Monday, 24 December 2012

Gingerbread House

1 more sleep until Santa comes and we just have some last minute baking left to do and some prep work for tomorrow. The presents are wrapped and my three children are very excited today.

I had my three children working hard last night. They were given the task of decorating their gingerbread houses and they loved every minute of it!

Making gingerbread houses isn't a quick process but it is definitely worthwhile. Nothing beats the smell of gingerbread baking in your oven. I started the process of making my gingerbread houses on Wednesday and we finished on Sunday.... I got distracted.

Basically you need to make the dough and bake the pieces for the house on one day. I assemble my houses over 2 days to ensure that they are structurally sound as last year I had one collapse while we were decorating and I've now been scarred for life. I then leave assembled houses to dry overnight before I let the children decorate them as the children are never exactly gently when applying the decorations. I'll share with you my ginger bread recipe, royal icing recipe and basic template link.

I hope that you can also find the time to make a gingerbread house for yourself or with your family this year or the next.

Merry Christmas xxx

Gingerbread houses can be as simple or elaborate as you like. I have found a fantastic website which has some great templates for houses, . They also have recipes for gingerbread and royal icing but I have not tried these yet.

The template I used for these houses can be found at . This is their basic house template and is a great place to start. They have included some great tips and notes on how to personalise your house and their website is full of inspirational photos of completed projects.

This is the gingerbread recipe I use.

Gingerbread for biscuits, trees and houses.


You will need:


360 g Unsalted butter
420 g Caster sugar
600 g Golden syrup
2 Tsp Cinnamon
2 ½ Tsp Ground ginger
1 ½ Tsp Ground nutmeg
1 Tsp Salt
2 Tsp Bi-Carb Soda
1240 g Plain flour

Royal Icing

2 Egg whites
400g Icing sugar (approximately)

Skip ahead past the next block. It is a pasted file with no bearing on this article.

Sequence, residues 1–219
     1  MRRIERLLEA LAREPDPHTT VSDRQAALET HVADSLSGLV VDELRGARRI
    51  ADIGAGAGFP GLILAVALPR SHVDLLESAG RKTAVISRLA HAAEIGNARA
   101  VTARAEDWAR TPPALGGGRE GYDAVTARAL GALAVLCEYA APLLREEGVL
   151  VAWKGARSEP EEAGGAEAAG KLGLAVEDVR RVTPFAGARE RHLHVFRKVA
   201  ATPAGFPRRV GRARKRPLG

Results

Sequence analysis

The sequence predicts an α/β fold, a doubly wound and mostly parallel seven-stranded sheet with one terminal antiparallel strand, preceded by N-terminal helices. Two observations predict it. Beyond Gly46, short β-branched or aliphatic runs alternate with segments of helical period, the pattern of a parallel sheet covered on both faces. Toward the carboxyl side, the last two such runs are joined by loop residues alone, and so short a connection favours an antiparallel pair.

Melt the butter, sugar and golden syrup in a saucepan over low heat. Stir Carefully until thoroughly incorporated.
Remove from heat and allow to cool for about 5 minutes. Pour into electric mixing bowl.
Meanwhile sift the combined spices, salt and soda into the mix and stir well. Using the dough hook on the mixer, start adding the flour about 1 cup at a time. Use a medium setting until well combined.
Remove from bowl, split the dough in half, wrap the excess in plastic wrap and put aside.
On a lightly floured surface roll the dough to about 8mm thick, use cookie cutters for festive shaped biscuits. If using the template cut out carefully with a sharp knife, gently place on trays covered in baking paper at 180c for approximately 10-20 minutes, depending on the size.

Royal Icing

Lightly whisk the egg whites in a bowl, slowly whisk in the icing sugar to make a firm peaking icing. (It will look white and glossy).
Cover the surface of the icing with plastic wrap to prevent a crust forming.
Use the royal icing generously to construct the house or the tree, allow to set before using the remaining icing to attach sweets and decorate.

Here are some pictures of the process :


This is how I store my royal icing, a damp tea towel, a dinner plate placed over the top and then stored in the fridge in my mixing bowl. That way if I need to give the royal icing a bit of a mix or add more sugar to get the consistency back to stiff peaks I can put it straight back in the mixer and fluff it up. Royal Icing can be kept in the fridge for up to a week.

Samuels house.

Emily and Hayley's house, notice the pet snakes in the front yard.

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1 comment:

  1. Especially like the 3d chimneys. Good job guys!